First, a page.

The trend analysis revealed that all the three regions experienced negative growth in both the new enrolment and renewal categories at one point or the other within the period 2010–2014, corroborating findings of a study in Senegal of a community-based health insurance scheme and membership retention [30]. But looking at the data from the overall effect, there is an indication that capitation payment had some effect in Ashanti region compared with the Volta region. However, since the effect is small and could not be sustained beyond 2012, it could be argued that other factors as have been noted in literature [15, 17, 24, 31, 32], might have contributed significantly to the drop in membership growth rates in the Ashanti region. This argument is supported by an earlier study that found that notwithstanding people’s negative attitude towards the capitation payment, a majority of survey respondents expressed their willingness to renew their membership card when it expires [33] and by our individual in-depth interviews which indicate that apart from the discomfort that respondents expressed with the capitation and its PPP arrangement, which is also consistent with findings by Pereira et at [34], capitation per se was not an important factor in their decision to enrol or renew their membership with the NHIS.

Individual in-depth interviews

Capitation factors

Judging from the responses from respondents, one may say that a few respondents were positive about capitation. Their appreciation of the fact that capitation is a good innovation is good for the debate on the capitation payment policy. Their analytical thinking that capitation payment offers opportunity for continuity of care speaks to the fact that the communication messages about the positive attributes of capitation is making positive impact. It is however worth noting the reasons for seeing capitation as a bad policy by many of the respondents. The reason that subscribers who fall sick and attend facilities other than their PPP are refused treatment; co-payments demanded by some health care providers and the dispensing of perceived poor quality medication on the grounds of inadequate capitated rate and, or delayed reimbursement to providers are some of the issues that have the potential to erode subscribers’ confidence in the Scheme. The bad perceptions expressed by respondents are also noted by Owusu-Sekyere et al. [35], indicating how urgent the need is for the NHIA to address the issues to improve peoples’ confidence in the Scheme. This is importantly so because the issue of co-payment which, hitherto, has been treated as anecdotal, has been admitted by the Christian Health Association of Ghana (CHAG) in their 2015 Annual Report as real in the following statement: “Providers are compelled to do balanced billing to make up for the difference between what the NHIA pays and what it costs them (the providers) to provide the care, thereby perpetrating out of pocket payments (co-payment) and pushing poor clients into catastrophic health expenditure” (Christian Health Association of Ghana. Annual Report 2015, p57). It is also important for the NHIA to address itself to this concern because some respondents perceive the capitation payment policy as a good innovation and by addressing their concerns; the NHIA could move those who may be opposed to the capitation payment policy from their negative position to the positive position of those who are sympathetic to the policy. It is also noteworthy that most of the reasons underlying negative perceptions on capitation are borne out of inadequate information, education and communication to the public, especially the subscribers. The NHIA would therefore have to step up its information, education and communication programme to educate the public on the NHIS and the capitation payment policy.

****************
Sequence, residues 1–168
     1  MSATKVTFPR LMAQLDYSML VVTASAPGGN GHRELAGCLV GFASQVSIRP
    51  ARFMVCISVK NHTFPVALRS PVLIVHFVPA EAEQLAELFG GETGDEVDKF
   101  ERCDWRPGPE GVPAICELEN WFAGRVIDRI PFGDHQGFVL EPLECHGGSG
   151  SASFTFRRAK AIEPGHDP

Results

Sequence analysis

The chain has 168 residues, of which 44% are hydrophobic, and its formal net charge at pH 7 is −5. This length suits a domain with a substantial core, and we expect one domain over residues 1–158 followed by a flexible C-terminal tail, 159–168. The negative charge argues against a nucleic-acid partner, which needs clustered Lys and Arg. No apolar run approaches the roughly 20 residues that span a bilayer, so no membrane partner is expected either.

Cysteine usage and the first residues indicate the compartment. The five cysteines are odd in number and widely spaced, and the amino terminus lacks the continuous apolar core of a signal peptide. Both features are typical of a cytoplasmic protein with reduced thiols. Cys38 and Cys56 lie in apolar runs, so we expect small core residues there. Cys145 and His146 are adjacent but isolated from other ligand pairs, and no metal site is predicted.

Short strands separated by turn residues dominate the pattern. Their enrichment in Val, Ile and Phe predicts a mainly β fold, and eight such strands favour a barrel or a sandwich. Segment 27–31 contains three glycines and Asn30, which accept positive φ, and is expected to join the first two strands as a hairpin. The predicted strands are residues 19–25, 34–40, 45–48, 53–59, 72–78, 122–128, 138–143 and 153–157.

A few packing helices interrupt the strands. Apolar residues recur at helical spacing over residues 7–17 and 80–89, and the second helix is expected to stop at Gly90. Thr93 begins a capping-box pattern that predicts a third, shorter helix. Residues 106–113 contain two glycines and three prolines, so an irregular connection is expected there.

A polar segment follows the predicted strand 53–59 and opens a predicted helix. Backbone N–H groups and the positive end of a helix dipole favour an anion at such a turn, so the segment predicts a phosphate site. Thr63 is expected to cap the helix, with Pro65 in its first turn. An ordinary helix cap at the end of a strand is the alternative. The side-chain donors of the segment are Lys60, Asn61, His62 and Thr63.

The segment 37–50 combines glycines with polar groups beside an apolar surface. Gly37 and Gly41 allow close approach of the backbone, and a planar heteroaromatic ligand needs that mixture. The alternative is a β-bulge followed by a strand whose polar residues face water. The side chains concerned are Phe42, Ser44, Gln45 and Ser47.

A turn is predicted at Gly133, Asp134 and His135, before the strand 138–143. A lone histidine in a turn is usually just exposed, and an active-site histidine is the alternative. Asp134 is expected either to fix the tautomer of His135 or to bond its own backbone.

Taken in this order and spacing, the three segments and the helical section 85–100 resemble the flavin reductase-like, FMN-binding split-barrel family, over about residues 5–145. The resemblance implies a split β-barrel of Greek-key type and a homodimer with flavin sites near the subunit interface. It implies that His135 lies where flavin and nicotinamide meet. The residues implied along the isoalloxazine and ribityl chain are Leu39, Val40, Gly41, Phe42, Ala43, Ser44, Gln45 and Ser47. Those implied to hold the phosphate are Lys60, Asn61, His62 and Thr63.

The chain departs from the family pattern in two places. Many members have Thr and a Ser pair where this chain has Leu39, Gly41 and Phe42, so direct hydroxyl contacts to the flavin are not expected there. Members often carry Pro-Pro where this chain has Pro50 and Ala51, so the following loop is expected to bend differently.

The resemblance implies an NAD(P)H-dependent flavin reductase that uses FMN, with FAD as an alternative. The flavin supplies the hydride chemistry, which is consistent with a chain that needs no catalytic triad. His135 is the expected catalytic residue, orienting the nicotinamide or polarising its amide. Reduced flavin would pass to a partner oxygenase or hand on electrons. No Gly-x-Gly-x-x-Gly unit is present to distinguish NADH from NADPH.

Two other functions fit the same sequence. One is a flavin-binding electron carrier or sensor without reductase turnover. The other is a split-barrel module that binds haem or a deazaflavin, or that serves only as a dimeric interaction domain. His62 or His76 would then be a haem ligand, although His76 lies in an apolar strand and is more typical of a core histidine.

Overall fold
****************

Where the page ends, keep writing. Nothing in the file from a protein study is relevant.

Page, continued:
Personal factors